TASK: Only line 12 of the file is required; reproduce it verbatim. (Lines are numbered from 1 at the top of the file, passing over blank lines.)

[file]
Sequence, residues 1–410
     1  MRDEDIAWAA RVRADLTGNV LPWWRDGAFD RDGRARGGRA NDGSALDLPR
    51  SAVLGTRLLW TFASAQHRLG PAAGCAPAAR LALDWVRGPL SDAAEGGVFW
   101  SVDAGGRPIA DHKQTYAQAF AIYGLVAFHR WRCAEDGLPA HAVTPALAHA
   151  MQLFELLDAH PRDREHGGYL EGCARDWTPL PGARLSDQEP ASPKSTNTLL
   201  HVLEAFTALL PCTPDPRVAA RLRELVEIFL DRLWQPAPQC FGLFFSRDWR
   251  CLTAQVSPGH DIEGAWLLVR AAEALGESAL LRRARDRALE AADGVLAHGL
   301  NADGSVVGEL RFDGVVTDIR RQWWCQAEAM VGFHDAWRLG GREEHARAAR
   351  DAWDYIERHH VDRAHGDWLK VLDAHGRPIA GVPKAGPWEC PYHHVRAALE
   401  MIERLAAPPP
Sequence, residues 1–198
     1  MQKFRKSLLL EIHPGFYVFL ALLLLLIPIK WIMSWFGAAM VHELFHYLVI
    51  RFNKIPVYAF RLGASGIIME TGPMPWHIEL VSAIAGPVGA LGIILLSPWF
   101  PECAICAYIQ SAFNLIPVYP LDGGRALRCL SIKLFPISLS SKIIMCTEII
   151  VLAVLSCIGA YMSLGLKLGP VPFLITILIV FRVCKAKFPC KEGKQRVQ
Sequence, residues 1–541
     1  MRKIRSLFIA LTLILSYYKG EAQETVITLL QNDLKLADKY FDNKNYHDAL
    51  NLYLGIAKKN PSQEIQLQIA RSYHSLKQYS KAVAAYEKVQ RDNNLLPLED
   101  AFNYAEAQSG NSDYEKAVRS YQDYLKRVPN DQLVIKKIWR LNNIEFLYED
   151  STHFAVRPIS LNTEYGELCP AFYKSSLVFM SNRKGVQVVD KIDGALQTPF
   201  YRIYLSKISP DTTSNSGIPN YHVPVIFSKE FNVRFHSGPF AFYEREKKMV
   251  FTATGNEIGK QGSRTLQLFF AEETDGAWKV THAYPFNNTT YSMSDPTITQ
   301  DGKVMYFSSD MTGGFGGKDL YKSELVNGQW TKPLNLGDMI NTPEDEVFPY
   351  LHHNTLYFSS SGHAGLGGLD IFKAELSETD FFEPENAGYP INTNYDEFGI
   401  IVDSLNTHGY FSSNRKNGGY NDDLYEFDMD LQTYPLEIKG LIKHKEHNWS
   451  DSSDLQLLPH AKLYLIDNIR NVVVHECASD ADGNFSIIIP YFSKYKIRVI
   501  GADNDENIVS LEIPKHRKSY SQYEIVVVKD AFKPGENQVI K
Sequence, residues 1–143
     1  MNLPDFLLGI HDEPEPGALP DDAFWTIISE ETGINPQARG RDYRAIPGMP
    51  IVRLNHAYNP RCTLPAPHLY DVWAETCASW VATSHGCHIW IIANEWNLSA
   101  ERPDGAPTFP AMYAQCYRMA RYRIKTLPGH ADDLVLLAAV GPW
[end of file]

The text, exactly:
     1  MQKFRKSLLL EIHPGFYVFL ALLLLLIPIK WIMSWFGAAM VHELFHYLVI